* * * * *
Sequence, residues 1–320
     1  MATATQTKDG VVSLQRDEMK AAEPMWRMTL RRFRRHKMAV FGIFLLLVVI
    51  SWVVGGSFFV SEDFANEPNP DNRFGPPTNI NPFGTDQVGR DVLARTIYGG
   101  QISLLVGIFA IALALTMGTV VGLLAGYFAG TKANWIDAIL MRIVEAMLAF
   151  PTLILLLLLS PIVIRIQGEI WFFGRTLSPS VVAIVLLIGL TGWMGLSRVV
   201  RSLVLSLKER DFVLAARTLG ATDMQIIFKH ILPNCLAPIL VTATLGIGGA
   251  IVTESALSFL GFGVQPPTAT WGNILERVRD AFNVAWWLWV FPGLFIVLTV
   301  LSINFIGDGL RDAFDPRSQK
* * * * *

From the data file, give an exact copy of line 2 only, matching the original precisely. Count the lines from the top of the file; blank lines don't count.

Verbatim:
     1  MATATQTKDG VVSLQRDEMK AAEPMWRMTL RRFRRHKMAV FGIFLLLVVI